Zepatier with or without ribavirin has been investigated in eight main studies involving around 2,000 patients infected with hepatitis C virus of various genotypes whose liver was working normally or adequately. In all studies, the main measure of effectiveness was the number of patients whose blood tests did not show any sign of hepatitis C virus 12 weeks after the end of treatment. Looking at the results of the studies together, 96% of patients with genotype 1b virus (301 out of 312 patients) tested negative for the virus after 12 weeks of treatment with Zepatier. For patients with genotype 1a virus, 93% of patients (483 out of 519 patients) treated with Zepatier tested negative compared with 95% (55 out of 58 patients) on Zepatier with ribavirin. For patients with genotype 4 virus, 94% of patients (61 out of 65 patients) treated with Zepatier tested negative compared with 100% (8 out of 8 patients) treated with Zepatier and ribavirin. Benefit was also seen in patients also infected with HIV or who had chronic (long-term) kidney disease. The available data in patients with genotype 3 virus were not sufficient to support the use of Zepatier for this genotype.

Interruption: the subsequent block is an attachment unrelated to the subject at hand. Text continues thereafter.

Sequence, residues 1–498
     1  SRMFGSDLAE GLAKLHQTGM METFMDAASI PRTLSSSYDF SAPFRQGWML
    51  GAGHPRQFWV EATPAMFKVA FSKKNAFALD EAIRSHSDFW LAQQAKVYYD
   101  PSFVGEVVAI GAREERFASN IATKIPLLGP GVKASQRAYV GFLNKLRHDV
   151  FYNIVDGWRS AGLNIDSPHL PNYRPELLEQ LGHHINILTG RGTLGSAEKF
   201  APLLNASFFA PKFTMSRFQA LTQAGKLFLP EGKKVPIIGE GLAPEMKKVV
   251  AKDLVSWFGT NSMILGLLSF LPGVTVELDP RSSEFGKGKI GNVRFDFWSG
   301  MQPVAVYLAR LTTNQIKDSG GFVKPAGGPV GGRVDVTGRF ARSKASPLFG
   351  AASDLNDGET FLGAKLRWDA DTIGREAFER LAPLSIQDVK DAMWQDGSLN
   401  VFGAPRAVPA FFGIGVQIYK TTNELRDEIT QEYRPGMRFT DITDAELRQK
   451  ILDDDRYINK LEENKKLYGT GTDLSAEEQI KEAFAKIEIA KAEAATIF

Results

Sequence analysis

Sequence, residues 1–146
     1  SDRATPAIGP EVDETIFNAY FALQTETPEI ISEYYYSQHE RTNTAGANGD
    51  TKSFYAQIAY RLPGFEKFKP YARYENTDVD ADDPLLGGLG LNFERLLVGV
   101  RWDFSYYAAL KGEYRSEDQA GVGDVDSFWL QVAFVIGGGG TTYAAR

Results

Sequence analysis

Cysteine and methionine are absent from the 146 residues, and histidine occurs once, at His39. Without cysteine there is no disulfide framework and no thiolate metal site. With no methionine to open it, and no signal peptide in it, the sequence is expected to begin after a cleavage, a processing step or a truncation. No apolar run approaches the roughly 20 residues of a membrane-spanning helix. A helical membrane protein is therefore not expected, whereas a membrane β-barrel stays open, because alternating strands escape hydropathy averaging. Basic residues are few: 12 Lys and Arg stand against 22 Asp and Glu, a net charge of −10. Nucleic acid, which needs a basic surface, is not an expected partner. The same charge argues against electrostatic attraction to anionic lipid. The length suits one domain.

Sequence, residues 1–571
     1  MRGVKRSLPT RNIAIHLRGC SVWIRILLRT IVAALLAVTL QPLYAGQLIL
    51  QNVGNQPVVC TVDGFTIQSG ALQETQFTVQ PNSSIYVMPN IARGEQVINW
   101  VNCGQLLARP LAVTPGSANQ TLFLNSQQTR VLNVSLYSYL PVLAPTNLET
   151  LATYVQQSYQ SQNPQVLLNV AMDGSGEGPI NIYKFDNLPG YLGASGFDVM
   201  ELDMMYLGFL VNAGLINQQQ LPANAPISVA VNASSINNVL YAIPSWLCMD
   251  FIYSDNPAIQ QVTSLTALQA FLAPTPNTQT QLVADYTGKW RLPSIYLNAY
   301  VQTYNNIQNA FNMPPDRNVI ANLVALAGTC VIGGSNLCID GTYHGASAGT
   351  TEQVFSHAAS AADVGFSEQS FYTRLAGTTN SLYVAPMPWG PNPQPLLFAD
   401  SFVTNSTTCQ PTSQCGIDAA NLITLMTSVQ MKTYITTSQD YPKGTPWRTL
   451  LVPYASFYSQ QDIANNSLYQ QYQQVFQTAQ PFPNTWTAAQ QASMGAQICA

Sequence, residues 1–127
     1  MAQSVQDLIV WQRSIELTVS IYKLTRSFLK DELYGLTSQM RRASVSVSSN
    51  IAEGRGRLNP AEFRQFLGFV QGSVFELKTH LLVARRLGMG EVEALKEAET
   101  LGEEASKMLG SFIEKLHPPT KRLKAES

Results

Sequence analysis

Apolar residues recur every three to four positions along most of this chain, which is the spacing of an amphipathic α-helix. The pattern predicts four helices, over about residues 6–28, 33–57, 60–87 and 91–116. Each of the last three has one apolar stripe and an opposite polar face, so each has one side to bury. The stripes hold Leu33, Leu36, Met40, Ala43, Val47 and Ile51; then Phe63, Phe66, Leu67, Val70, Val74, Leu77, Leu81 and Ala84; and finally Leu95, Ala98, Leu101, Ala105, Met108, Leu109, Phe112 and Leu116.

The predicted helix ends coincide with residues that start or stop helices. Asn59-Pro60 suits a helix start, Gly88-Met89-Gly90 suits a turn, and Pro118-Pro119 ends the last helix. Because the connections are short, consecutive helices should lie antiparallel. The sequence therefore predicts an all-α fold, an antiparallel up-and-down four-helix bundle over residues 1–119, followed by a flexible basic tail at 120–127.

What are the risks associated with Zepatier?

The most common side effects with Zepatier (which may affect more than 1 in 10 people) are tiredness and headache. For the full list of all side effects reported with Zepatier, see the package leaflet.

Zepatier must not be used in patients with moderately or severely reduced liver function (Child-Pugh class B or C cirrhosis). It must not be used together with medicines such as the antibiotic rifampicin, certain HIV medicines and ciclosporin (used to prevent organ rejection) since Zepatier may affect the way these medicine work. It must also not be used with the herbal remedy St. John’s wort (used for depression and anxiety), or the epilepsy medicines carbamazepine and phenytoin because these medicines may affect the way Zepatier works. For the full list of restrictions, see the package leaflet.

Why is Zepatier approved?